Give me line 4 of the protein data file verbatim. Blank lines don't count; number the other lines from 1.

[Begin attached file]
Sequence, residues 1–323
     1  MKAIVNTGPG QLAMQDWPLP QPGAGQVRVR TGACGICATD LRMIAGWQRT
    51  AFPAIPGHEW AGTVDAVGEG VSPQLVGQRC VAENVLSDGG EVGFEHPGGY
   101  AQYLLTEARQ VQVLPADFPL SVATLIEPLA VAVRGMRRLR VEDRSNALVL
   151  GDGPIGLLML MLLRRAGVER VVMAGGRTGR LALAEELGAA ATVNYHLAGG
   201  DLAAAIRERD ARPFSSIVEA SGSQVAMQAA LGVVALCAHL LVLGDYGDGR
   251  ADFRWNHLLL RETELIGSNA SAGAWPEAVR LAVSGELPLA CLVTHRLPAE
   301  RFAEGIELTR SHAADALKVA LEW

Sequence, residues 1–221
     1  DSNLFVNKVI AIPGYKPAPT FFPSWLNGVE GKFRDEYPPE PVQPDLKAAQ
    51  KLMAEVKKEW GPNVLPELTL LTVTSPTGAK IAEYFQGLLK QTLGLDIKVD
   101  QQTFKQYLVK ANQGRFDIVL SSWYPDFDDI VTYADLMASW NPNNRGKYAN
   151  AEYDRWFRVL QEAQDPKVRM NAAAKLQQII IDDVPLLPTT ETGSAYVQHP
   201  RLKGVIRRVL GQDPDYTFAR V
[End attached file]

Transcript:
   101  AQYLLTEARQ VQVLPADFPL SVATLIEPLA VAVRGMRRLR VEDRSNALVL